Ok, let's begin! Dino Crisis (DC) was released by Capcom for the PlayStation on the 1st July 1999 and has a striking similarity to Resident Evil (RE) in its gameplay, this may have something to do with the fact that they are both made by the same director Shinji Mikami. These similarities are easy to spot from tank controls to fixed camera perspective as well as the action-horror themes. I'm going to let you in on a little secret now. I haven't played any RE game from start to finish but for comparison sake, I have played some of it in recent days to refresh my memory of it. If you want to know why I didn't play RE when it first came out, well that's because I suffered from vivid nightmares as a kid and didn't need the extra nightmare fuel. It's also because I ended up playing DC and its sequel because I was a little older and had watched Jurassic Park, so I figured correctly at the time that I should be able to cope.
Plot Dino Crisis takes place at a secret military facility on the Island of Ibis. Tom an agent of SORT (Secret Operation Raid Team) was tasked with the initial reconnaissance and investigation of the military facility. During his mission, Tom learns that Dr Edward Kirk, a world-renowned scientist who was reported dead three years ago, is continuing his secret energy project, Third Energy, within the facility. Four agents of SORT, Gail, Rick, Regina, and Cooper (or the Other One as I like to call him) are tasked with retrieving Dr Kirk and returning him to custody. The SORT team arrives on the island under the cover of darkness, dropping in via parachute. The Other One is blown off course and lands in the jungle and proceeds to take no further part in the game, due to a severe case of T-Rex ingestion. The other three, unaware of The Other One's predicament, proceed with the mission. A slight difference here between the manual and the game is that Regina is supposedly the head of the SORT extraction team. However, the game never portrays her like this, only as an independent highly skilled operative. Gail seems more like the actual commander of the mission, focused on goals and making suggestions that sound like orders. Though it has to be said at no point does he stop Ricardo or Regina with the threat of court-martial.
Pros Let's start with the first major Pro, DC's atmosphere and how it builds tension. When you first start you'll be forgiven into thinking that the game has no music with how quiet it is. All you can hear is the sound of your footsteps. Your team is oblivious to what's gone on at the facility. Upon arrival, they find clues of a struggle that's taken place from empty shell casings, torn chain link fences to an eviscerated body. Then you turn your first backup generator on and the fun begins. Suddenly you hear gunfire from outside, your no-nonsense commander who was keeping watch is gone. There's blood, a hole in the fence, and a cliff, now your all alone. Don't worry though you won't be... For long. Then you hear the cracking of animal-like chitters as your jumped upon by your first Raptor! The music starts the panic with a fast-paced beat. What to do? You've got a handgun, shoot it? Haha...did you choose poorly, as the Raptor leaps at you knocking you to the ground biting and chewing at your arms as you desperately try to shake it off. Eventually, you escape and you try to flee maybe you make it to the safety of the gate. "Few I should be safe." you think, but this is no zombie, the Raptor sees the low fence and leaps right over chasing you down! Wow! What a start, barely 10 minutes into the game. This is DC, you think you're prepared and then something happens like a T-rex smashes through a window, reminding you just how unready you really are. Your enemies are relentless, fast, big and you don't have the bullets to deal with them all. So good luck as you navigate the facility's dinosaur-infested corridors to find out the truth of what happened here.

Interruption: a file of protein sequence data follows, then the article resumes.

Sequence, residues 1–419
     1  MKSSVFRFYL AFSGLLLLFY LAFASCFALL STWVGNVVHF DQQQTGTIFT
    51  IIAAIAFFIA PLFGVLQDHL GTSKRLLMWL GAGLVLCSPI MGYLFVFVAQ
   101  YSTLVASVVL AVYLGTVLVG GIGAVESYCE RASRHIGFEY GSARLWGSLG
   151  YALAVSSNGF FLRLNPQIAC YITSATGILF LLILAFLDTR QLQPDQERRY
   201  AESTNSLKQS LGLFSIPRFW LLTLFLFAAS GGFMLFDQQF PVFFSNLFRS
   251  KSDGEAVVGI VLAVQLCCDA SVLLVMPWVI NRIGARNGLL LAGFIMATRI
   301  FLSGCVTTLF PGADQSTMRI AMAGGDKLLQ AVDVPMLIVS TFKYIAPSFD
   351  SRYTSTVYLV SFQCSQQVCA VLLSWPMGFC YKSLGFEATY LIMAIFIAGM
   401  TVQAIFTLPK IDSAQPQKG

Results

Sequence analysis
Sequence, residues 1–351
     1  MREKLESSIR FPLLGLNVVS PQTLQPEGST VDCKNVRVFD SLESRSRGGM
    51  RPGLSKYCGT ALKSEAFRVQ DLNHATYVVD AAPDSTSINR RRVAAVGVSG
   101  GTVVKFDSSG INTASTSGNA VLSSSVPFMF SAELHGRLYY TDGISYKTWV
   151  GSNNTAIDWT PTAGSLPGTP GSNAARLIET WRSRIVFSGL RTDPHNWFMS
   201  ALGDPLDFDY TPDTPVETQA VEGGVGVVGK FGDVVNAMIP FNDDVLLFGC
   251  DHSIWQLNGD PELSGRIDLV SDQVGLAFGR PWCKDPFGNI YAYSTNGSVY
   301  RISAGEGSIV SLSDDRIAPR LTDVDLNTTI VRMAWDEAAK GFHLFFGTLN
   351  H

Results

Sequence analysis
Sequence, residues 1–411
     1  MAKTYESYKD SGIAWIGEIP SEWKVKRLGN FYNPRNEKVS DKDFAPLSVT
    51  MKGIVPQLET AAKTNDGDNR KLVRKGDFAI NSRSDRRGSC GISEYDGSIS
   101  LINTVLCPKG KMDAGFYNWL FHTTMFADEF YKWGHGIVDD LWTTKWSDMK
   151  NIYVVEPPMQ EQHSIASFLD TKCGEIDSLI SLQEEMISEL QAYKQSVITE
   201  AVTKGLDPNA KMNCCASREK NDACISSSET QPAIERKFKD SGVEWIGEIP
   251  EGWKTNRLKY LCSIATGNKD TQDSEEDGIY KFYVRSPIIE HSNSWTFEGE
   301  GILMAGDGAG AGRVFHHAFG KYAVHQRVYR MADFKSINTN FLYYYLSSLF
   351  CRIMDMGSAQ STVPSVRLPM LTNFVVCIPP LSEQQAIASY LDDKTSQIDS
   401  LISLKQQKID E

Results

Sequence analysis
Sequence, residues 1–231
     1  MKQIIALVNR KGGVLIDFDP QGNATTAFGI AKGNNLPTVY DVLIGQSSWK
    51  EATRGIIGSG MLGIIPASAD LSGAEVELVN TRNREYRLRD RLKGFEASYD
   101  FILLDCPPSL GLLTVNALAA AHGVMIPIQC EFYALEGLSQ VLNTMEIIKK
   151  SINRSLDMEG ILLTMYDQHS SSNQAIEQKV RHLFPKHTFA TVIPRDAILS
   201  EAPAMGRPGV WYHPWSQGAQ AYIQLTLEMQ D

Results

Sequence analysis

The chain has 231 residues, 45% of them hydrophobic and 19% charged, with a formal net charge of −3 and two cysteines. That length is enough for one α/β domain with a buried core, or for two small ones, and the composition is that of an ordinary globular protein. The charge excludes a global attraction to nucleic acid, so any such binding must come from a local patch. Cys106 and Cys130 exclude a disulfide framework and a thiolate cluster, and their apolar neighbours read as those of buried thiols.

DC's enemies, the dinosaurs, are really quite a difficult challenge to handle, though being ravenous killing machine that was probably not a surprise. Throughout the game, you'll find that most of the time it's a damn sight better to run or avoid them than it is to have a prolonged firefight. One Raptor alone is quite capable of tanking your life with ease and can soak up quite a few bullets before going down, but don't be fooled some will play dead. Raptors will also be quite tenacious at times bashing through doors, leaping through windows and climbing through ducts and conduits to find you. When you come across the T-Rex though, well that's a whole different problem. Let this thing get close enough and in one bite it's game over, which is highly appropriate for its size and the fact it shrugs off shotgun rounds to the face like there a mild annoyance.
DC's story also takes itself a little more seriously than its zombie-filled counterpart despite been a plot about dinosaurs and time travel. Though seriously there are no ridiculous keys to find or piano puzzle locks that wouldn't be out of place in a hammer horror or bond villain's lair. In DC it's just a team sent in to find a person who was believed to be dead and winding up being in a secret scientific facility that's mysteriously gone to the Jurassic period. That isn't to say there aren't puzzles and keys it's just there more akin to getting a generator online or rewiring an electrical board. The more grounded in reality side of DC was actually intended by Director Shinji Mikami who wanted to create a more realistic setting when compared to his previous work. There are of course some cliché characters such as the hard-ass commando of the team, Gail, the smart ass but well-meaning techie, Ricardo, as well as the obligatory mad scientist Dr Kirk, but they don't go quite as ridiculous moustache twirlingly mad as some of the cast in the RE series. I'm aware as well that the manual has far more detailed personality profiles in it but the characters can be summed up this way in-game.